Albert Haynesworth's Failed Test Wasn't Really A Test

ASHBURN VA - JULY 29: Defensive lineman Albert Haynesworth #92 works out after practice during the Redskins first day of training camp on July 29 2010 in Ashburn Virginia. (Photo by Win McNamee/Getty Images)

Mike Shanahan said Albert Haynesworth failed a "basic conditioning test" that all other linemen "passed" during OTAs. But that's a bit misleading, which tells you everything you need to know about the Shanahan-Haynesworth war of wills.

ASHBURN, V.A. - One of my favorite moments of my first-ever experience covering Redskins training camp happened well after practice was over. Media members were frivolously typing away and the sound of keyboard filled the air. In waked two Redskins public relations officials in order to try to clear up what coach Mike Shanahan meant when he said that Albert Haynesworth failed a condition test.

Ten minutes later, they walked out. Yup, ten minutes later. It might have been more, to be honest. That's because it took them a pretty long time to "explain" the "truth" behind the conditioning exercise Haynesworth was forced to take early this morning. That truth? It wasn't really a "test" after all.

OK, maybe it was, in a way. But the more accurate way to put it was that it was a drill turned into a test as a way of Shanahan sending a message to Haynesworth. That may go without saying to many, but after listening to Shanahan try to pass the "test" off as some sort of standard thing all linemen went through, I felt like it was necessary to make this clarification.

"It's a basic conditioning test," Shanahan said after declining to discuss specifics. "We get a good idea if a guy is in shape. We put a lot of our linemen through it, offense and defense. We do it through our conditioning drills throughout the OTAs. It's a very fair test."


Shanahan is right that the team puts their linemen through the drill-turned-into-test often. The Redskins confirmed that everyone went through similar drills at different points during the OTA period. But when asked about whether the test was "pretty tough" for a big guy like Haynesworth, Shanahan said simply that every other lineman passed the test. 

Problem is, that's a bit misleading. It's not that every other lineman specifically went up there, got timed and did it in under a certain amount of time; it's that every other lineman passed out of taking the test in the first place. By participating in "a certain percentage" of the teams' OTA sessions, in Shanahan's words, they were exempt from having to go through with the test on the first day of camp. Nobody else took the test, which means, conceivably, that the "certain percentage" Shanahan references could have been "anything above zero."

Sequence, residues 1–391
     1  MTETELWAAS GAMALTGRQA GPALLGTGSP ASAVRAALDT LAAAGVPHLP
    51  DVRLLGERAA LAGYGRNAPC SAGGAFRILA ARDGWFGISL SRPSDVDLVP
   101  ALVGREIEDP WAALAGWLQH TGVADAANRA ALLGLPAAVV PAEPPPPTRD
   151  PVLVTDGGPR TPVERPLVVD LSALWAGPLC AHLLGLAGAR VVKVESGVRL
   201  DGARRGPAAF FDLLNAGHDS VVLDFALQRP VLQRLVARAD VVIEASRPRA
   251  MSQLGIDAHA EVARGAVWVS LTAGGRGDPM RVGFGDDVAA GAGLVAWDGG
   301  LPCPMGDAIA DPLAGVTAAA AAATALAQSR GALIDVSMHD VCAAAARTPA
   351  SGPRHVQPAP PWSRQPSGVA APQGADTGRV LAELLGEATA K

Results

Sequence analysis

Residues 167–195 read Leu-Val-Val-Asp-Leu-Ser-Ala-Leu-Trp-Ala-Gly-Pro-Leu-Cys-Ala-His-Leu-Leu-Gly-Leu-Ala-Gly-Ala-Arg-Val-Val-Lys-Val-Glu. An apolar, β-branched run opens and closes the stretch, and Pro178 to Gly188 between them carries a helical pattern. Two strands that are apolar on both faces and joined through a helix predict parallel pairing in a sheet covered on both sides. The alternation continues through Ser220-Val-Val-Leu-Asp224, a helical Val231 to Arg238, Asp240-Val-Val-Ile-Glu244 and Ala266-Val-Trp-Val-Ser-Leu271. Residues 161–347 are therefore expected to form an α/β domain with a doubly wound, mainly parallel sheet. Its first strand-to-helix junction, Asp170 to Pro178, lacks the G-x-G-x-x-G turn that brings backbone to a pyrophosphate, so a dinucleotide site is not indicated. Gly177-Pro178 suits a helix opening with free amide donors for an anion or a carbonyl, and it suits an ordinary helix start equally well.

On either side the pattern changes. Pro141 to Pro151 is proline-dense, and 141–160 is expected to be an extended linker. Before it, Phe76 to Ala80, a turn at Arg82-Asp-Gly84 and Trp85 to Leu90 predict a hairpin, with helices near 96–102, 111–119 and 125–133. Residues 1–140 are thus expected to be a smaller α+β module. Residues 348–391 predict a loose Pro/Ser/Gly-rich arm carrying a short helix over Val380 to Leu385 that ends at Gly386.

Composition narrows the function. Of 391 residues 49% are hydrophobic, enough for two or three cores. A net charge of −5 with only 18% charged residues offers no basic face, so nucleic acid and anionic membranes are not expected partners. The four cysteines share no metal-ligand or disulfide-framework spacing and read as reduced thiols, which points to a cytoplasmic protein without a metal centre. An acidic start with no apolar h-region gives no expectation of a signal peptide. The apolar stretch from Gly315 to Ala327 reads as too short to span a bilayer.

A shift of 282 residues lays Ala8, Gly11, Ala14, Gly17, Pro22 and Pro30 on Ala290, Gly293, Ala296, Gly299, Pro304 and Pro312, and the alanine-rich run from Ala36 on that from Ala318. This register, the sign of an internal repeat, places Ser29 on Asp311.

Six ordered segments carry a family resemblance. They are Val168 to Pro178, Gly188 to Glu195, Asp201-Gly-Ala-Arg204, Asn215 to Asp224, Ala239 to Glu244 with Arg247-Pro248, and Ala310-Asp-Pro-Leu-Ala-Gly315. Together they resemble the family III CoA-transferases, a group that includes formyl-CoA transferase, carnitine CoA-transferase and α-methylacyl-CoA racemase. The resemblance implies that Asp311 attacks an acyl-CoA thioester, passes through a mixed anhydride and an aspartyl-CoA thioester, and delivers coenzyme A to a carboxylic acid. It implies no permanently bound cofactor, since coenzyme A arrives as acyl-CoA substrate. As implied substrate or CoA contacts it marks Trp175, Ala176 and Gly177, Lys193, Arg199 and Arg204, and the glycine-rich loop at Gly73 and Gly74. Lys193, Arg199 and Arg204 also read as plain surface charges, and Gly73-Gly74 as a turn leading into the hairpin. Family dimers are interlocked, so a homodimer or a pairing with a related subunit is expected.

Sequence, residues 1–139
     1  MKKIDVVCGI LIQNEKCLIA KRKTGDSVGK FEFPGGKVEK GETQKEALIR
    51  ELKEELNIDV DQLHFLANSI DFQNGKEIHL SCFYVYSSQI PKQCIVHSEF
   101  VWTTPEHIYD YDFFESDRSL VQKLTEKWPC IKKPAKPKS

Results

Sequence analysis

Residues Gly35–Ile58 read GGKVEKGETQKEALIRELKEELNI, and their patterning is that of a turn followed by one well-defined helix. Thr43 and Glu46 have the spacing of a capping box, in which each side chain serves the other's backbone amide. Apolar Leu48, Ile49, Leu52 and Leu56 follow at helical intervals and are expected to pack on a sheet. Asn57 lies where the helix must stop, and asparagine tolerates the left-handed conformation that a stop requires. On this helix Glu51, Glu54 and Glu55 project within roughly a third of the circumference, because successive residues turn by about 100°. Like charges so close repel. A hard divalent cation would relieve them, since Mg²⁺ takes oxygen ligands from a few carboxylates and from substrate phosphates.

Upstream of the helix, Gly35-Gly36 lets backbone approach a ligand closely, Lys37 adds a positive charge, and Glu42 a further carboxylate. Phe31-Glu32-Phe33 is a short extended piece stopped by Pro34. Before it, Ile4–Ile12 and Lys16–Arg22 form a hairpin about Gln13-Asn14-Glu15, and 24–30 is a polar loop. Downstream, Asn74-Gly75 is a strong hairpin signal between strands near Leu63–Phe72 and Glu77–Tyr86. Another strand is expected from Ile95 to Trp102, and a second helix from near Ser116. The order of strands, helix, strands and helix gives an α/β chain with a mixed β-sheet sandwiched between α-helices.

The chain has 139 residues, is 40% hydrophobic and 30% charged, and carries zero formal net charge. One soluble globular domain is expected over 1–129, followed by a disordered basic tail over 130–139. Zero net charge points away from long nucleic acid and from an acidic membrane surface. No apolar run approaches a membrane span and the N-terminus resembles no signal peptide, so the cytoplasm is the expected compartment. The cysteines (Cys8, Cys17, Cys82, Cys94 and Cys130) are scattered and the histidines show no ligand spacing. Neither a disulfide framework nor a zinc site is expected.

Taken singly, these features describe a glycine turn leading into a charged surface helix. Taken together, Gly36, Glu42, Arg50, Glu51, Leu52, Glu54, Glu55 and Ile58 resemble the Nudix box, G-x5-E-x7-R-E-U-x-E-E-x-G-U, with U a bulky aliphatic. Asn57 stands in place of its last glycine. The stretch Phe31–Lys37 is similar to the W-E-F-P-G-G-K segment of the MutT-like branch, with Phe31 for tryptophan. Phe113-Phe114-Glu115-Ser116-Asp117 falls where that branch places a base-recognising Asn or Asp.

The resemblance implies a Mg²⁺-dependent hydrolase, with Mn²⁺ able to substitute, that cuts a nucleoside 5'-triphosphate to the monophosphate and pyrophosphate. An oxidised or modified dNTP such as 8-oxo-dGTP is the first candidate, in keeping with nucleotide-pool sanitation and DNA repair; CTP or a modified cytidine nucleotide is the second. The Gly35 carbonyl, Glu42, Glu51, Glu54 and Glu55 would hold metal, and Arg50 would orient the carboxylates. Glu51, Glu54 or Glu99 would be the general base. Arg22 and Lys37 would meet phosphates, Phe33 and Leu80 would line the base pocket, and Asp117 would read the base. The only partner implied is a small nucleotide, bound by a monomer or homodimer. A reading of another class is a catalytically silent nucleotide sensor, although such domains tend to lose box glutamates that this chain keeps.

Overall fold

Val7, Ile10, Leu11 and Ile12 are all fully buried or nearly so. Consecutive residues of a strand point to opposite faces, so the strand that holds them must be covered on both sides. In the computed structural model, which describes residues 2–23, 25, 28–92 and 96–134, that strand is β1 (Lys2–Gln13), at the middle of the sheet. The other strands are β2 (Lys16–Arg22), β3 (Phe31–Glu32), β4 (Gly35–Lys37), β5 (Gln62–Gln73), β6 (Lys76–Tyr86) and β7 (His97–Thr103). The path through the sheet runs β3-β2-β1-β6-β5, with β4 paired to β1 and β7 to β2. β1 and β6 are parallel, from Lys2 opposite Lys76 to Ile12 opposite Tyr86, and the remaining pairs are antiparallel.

That's probably why several players were legitimately puzzled when posed with the idea of having to pass a "test." Andre Carter and Kendrick Golston said they weren't required to pass any test of any sort during OTAs, for example. In addition, as Joseph White of the AP notes, three players failed a similar test two years ago and were still allowed to participate in practices. 

DeAngelo Hall went a step further when he was asked about it:

"I don't think a lot of us guys that were even here 100-percent could have even passed it," he said. "That's what conditioning tests are, that's what conditioning tests are for. Some of them are unattainable," Hall said.    


That last line is why I'm even making this distinction. Look, by all accounts, this was a passable "test." I don't believe, as Pro Football Talk does, that Shanahan set this up just to fail Haynesworth. Haynesworth probably could have passed it. I do, however, believe Shanahan set this up just to separate Haynesworth from the group further, and is now trying to back off that in his post-practice remarks. Shanahan seems to want you to believe that Haynesworth needs to get his conditioning back and that he's way more out of shape than anyone else on the roster. I suppose that may be somewhat true.

But it's also not the full truth, because that explanation as face value is somewhat absurd. The practice Haynesworth supposedly wasn't in good enough condition to attend was a light 70-minute workout that Donovan McNabb admitted wasn't particularly intense. Shanahan himself cut the practice short by 10 minutes, and the team only did 11-on-11 drills at the very end. Malcolm Kelly, who had a hamstring problem and was supposed to sit out, participated. Haynesworth may not be in perfect shape, but surely, he was enough in shape for that.

"[The test]" keeps a guy from getting hurt," Shanahan said. "I don't want to put a guy out there and have him get hurt, and suddenly there's a setback for two weeks. It just doesn't make sense."

That's a good one, Mike. Maybe you should test Kelly then. You know, to keep his hamstrings from getting hurt.


So really, this should not be spun in such a way where it's only to help Haynesworth get in proper condition. In reality, Shanahan was asserting himself and making a point to Haynesworth. Albert, you want to train away from the club as the rest of your teammates bust their balls for the season together? Fine. You just have to take some made-up drill-turned-into-a-test before you can get back in everyone's good graces.

For the record, I think that's a completely appropriate stance to take. Haynesworth singled himself out by not coming to OTAs, so Shanahan is showing him the consequences of those actions. Is it a bit vindictive? Probably. Is it productive? I'm not sure. But it certainly is appropriate after what Haynesworth pulled this winter.

Either way, don't let Shanahan talk you into thinking he's trying to treat Haynesworth like every other player. In reality, he's doing the exact opposite.

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